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AP file photo by Chris Carlson / Chattanooga native Rick Honeycutt spent the past 14 seasons as the pitching coach of the Los Angeles Dodgers, but he will be working this season as a special assistant within the organization.

Rick Honeycutt broke into Major League Baseball as a pitcher with the Seattle Mariners in 1977, when the Mariners and Toronto Blue Jays were expansion teams.

The former Lakeview High School and University of Tennessee standout pitched and then coached in the big leagues through additional expansions and divisional realignments, and he endured the work stoppage in 1994 that resulted in the cancellation of that year's World Series and also delayed and shortened the 1995 schedule. Honeycutt has never, however, entered a regular season with the goal of winning 40 games.

"I could never have imagined this," Honeycutt said this past week. "Win 40 games and you're usually headed home really early."

There has been nothing early about the 2020 MLB season, which was halted during spring training due to the coronavirus outbreak in mid-March and is scheduled to resume next week, with players reporting to their teams by Wednesday for training. Barring another shutdown, the actual season will begin July 23 and will consist of 60 games for each team over a 66-day stretch.

Honeycutt, who turns 66 on Monday, spent the past 14 seasons as Los Angeles Dodgers pitching coach but is transitioning into a special assistant role in the organization. The starting point with that role remains unknown.

"The Dodgers are going to hold their spring training in L.A., so they're going to get everybody in and make sure they follow all the health protocols," Honeycutt said. "For somebody like me, there are other issues to consider. Do they want me travelling? How many people are going to be allowed around the players?

"There are still a lot of questions whether or not early on if I will even be going to this next spring training."

Photo Gallery

Rick Honeycutt's MLB playing and coaching career

Honeycutt's tenure as Dodgers pitching coach yielded 10 postseason trips, and he worked under four different managers — Grady Little (2006-07 seasons), Joe Torre (2008-10), Don Mattingly (2011-15) and Dave Roberts (2016-19). Los Angeles reached the National League Championship Series six times with Honeycutt and also made two World Series trips, losing in seven games to the Houston Astros in 2017 and losing in five to the Boston Red Sox in 2018.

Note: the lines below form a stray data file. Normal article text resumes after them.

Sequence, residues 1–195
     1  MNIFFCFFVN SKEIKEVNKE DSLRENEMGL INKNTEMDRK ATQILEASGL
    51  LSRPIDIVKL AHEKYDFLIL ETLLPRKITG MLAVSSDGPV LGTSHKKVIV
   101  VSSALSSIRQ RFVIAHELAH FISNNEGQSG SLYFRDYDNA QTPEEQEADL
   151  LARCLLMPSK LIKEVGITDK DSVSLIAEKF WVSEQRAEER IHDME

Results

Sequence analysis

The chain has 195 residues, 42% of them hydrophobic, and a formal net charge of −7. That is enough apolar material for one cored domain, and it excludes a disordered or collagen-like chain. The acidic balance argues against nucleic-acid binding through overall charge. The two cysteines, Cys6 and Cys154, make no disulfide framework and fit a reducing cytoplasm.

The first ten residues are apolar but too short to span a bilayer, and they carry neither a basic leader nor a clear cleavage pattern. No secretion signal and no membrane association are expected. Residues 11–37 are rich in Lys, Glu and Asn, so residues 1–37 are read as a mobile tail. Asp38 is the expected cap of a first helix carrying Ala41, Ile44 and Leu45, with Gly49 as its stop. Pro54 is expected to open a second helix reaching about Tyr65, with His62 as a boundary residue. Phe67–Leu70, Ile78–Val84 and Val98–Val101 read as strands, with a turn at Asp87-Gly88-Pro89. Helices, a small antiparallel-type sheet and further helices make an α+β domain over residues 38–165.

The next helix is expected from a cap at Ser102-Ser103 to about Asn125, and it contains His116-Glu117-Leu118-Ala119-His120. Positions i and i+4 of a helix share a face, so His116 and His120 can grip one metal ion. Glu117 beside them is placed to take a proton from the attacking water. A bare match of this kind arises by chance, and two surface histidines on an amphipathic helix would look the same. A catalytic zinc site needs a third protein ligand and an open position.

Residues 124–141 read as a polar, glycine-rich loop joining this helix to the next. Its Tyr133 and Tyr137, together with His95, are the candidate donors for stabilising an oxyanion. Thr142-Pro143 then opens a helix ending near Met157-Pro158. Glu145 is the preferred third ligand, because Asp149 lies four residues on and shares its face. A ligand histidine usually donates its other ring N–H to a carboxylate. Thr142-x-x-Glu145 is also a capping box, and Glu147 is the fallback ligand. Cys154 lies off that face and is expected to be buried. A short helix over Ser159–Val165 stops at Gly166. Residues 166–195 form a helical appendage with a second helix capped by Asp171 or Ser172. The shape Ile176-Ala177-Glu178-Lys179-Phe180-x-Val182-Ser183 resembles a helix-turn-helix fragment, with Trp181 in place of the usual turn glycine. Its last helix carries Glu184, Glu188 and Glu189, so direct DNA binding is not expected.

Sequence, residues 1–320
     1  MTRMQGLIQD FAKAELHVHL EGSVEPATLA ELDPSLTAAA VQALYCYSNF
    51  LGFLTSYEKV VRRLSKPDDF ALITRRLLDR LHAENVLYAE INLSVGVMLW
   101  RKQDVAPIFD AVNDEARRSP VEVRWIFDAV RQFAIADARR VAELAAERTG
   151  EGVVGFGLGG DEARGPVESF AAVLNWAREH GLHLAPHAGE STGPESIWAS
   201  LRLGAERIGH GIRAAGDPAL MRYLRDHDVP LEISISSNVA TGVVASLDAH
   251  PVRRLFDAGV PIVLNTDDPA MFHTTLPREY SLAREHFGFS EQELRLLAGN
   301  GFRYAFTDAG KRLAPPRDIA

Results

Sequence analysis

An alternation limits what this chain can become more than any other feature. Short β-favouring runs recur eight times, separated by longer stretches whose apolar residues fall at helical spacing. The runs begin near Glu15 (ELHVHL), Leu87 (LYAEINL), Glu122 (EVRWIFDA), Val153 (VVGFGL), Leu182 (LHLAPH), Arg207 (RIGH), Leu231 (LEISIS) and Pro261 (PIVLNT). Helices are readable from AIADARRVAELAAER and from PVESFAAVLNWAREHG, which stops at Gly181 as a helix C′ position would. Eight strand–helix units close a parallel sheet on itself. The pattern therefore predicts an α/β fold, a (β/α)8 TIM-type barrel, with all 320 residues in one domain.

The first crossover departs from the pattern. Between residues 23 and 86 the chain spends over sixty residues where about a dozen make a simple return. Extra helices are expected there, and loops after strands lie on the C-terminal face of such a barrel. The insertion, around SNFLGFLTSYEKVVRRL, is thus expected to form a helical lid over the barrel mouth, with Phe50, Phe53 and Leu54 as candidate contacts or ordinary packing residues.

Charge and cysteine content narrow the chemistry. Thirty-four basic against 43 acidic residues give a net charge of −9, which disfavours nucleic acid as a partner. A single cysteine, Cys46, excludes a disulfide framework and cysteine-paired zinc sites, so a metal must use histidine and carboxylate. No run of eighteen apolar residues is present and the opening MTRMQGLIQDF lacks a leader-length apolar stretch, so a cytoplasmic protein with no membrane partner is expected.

Those titles by Houston and Boston have since been significantly tainted by elaborate sign-stealing measures employed by those teams.

Last season's Dodgers set a franchise standard with a 106-56 record during the regular season, but they lost their best-of-five NL Division Series to the Washington Nationals after winning two of the first three games. Los Angeles is the NL favorite again this year, having bolstered its roster with the addition of former Red Sox right fielder Mookie Betts, but will a 60-game schedule alter the landscape?

After all, each game this summer will carry 2.7 times the weight of a contest in a normal 162-game season.

"A lot will depend on the health of the club when you start out," Honeycutt said. "Starting pitching still will not be up to full speed, and I would expect expanded rosters for at least the first two to three weeks of the season, especially for the pitching. The teams that have depth will have those advantages, and the Dodgers are one of those teams."

Honeycutt cited the Atlanta Braves as another team that could benefit given their surplus of young stars.

As a pitcher, Honeycutt appeared in a whopping 797 games during his 21-year career and ascended to the top of the sport when the Oakland Athletics won the 1989 World Series. In Oakland's championship year, Honeycutt made 64 appearances and went 2-2 with a 2.35 ERA.

No longer a pitcher or a coach, Honeycutt has spent the past few months in Chattanooga much like a fan trying his best to be patient for MLB owners and players to reach a deal.

"It's such an unprecedented time going through this virus," he said. "You've got teams spread out all over the country, and every state is different. You would hope they would be thinking about the sport and the fans, and my frustration was wanting them to just work something out. Nobody likes to hear owners and baseball players arguing over money, especially during a time like this.

"They've at least got dates now, and there is going to be some baseball played this year."

Contact David Paschall at dpaschall@timesfreepress.com or 423-757-6524. Follow him on Twitter @DavidSPaschall.

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